Bedtime gets later
If you’re noticing bedtime pushing ahead, it’s likely that your child’s naps have been getting later as well. These two factors, combined (nap resistance + later bedtimes) are indications that your child can tolerate more awake time.
What happens, naturally, is that naps become later — this eventually leads to the afternoon nap getting squeezed out. If your child only has one nap, and is between 2.5 - 3.5 years, you will see the whole schedule shifting — suddenly nap gets so late that it’s practically bedtime!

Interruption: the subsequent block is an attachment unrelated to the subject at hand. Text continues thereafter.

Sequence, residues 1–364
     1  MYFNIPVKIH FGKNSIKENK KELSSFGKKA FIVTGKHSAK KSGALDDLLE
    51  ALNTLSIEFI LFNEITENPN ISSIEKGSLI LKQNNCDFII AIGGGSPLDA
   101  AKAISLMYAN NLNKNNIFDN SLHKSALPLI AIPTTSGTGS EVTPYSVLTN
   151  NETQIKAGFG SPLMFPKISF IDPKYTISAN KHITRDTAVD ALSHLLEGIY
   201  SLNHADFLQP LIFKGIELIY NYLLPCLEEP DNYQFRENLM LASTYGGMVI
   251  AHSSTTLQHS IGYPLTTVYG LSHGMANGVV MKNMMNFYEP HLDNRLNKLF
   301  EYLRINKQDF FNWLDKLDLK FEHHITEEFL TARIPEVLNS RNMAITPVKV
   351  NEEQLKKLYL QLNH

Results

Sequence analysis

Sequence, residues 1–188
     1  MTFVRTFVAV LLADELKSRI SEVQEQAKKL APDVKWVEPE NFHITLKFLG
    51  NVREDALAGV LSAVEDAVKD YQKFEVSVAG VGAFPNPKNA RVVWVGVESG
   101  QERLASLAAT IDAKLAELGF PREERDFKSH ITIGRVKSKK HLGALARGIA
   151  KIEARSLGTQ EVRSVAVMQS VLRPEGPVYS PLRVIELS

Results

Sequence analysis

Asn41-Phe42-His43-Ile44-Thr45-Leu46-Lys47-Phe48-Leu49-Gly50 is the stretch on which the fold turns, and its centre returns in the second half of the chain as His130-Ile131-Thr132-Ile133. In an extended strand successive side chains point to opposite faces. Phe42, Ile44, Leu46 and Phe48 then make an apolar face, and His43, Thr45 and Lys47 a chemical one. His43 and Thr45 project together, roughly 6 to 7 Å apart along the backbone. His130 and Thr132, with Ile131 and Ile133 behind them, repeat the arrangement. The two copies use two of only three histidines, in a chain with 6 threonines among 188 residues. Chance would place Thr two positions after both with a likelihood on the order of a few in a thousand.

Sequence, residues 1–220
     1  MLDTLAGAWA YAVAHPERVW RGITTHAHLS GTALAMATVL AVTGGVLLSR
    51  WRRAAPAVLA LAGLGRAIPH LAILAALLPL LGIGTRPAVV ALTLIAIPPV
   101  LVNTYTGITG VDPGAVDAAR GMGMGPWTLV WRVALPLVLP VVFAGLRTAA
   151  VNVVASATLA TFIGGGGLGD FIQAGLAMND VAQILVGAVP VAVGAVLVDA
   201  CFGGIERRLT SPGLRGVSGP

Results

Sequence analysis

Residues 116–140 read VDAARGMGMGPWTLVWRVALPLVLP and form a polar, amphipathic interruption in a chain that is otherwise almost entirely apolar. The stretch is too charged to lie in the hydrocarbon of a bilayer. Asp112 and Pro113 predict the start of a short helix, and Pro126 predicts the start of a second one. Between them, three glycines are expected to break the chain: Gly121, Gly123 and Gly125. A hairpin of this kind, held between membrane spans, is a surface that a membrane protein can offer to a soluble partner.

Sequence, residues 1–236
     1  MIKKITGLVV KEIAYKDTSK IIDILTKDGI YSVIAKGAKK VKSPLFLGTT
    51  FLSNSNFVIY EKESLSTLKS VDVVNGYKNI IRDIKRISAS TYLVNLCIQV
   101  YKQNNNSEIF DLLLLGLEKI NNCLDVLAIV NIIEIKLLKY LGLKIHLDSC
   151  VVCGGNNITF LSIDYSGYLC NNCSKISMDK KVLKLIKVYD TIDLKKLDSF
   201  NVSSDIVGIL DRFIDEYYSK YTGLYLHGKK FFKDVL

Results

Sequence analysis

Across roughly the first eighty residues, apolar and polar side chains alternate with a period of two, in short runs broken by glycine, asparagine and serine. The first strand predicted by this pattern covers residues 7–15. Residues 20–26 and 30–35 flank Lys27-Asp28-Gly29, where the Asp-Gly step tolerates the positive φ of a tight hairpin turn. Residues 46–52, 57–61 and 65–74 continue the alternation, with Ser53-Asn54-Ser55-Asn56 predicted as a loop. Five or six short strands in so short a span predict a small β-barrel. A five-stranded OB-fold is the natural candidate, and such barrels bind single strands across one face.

Whether your child is dropping from three naps to two, or one nap to zero, the process is the same: Later naps (or no nap), and a really early bedtime.
When children are in the process of transitioning to less daytime sleep, it is not unusual to see bedtimes as early as 6 p.m. — Don’t panic mama.
Within a few weeks, bedtime will resume to its later time as your child’s body learns to tolerate more awake time. Often families who are set on a specific bedtime, have a really hard time navigating this transition. If bedtime is always 8 p.m., that just won’t fly if your 3-year-old woke up at 6:30 a.m. and has not had a nap! In this example, bedtime will be around 6:30 p.m., approximately 12 hours after morning wakeup.
Likewise, if your one-year old woke from their one-and-only nap at 2 p.m., again, they’re going to have a very difficult time making it to 8 p.m.
Dropping naps is a parental exercise in flexibility and math. You can do it!